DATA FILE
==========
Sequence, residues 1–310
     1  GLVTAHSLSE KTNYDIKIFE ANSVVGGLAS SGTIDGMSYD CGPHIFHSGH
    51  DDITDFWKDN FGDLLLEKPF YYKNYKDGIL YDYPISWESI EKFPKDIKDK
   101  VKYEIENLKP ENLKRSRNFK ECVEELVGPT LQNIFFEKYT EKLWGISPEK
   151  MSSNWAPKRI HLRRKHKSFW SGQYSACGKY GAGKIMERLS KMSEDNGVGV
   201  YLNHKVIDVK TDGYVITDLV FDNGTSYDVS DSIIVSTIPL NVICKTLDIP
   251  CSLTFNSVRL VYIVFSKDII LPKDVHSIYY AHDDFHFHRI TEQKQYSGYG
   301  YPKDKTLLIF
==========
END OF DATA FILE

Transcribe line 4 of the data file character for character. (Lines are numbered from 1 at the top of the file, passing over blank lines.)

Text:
   101  VKYEIENLKP ENLKRSRNFK ECVEELVGPT LQNIFFEKYT EKLWGISPEK